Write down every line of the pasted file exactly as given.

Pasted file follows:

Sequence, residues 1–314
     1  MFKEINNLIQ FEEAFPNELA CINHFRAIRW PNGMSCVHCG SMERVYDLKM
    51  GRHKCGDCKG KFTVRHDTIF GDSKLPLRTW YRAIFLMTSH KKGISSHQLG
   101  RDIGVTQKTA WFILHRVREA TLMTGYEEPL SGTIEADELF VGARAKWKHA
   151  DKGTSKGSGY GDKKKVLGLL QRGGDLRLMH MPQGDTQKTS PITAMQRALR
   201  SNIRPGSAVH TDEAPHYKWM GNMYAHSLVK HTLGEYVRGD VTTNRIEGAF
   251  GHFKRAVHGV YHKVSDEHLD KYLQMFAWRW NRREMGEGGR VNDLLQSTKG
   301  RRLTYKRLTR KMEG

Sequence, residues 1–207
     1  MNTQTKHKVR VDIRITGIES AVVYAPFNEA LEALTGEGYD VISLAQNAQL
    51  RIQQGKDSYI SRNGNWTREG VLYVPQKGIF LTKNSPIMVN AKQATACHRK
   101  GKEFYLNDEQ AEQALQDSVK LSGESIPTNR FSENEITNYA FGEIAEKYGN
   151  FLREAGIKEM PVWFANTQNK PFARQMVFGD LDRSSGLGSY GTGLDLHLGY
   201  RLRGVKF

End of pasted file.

Sequence, residues 1–314
     1  MFKEINNLIQ FEEAFPNELA CINHFRAIRW PNGMSCVHCG SMERVYDLKM
    51  GRHKCGDCKG KFTVRHDTIF GDSKLPLRTW YRAIFLMTSH KKGISSHQLG
   101  RDIGVTQKTA WFILHRVREA TLMTGYEEPL SGTIEADELF VGARAKWKHA
   151  DKGTSKGSGY GDKKKVLGLL QRGGDLRLMH MPQGDTQKTS PITAMQRALR
   201  SNIRPGSAVH TDEAPHYKWM GNMYAHSLVK HTLGEYVRGD VTTNRIEGAF
   251  GHFKRAVHGV YHKVSDEHLD KYLQMFAWRW NRREMGEGGR VNDLLQSTKG
   301  RRLTYKRLTR KMEG

Sequence, residues 1–207
     1  MNTQTKHKVR VDIRITGIES AVVYAPFNEA LEALTGEGYD VISLAQNAQL
    51  RIQQGKDSYI SRNGNWTREG VLYVPQKGIF LTKNSPIMVN AKQATACHRK
   101  GKEFYLNDEQ AEQALQDSVK LSGESIPTNR FSENEITNYA FGEIAEKYGN
   151  FLREAGIKEM PVWFANTQNK PFARQMVFGD LDRSSGLGSY GTGLDLHLGY
   201  RLRGVKF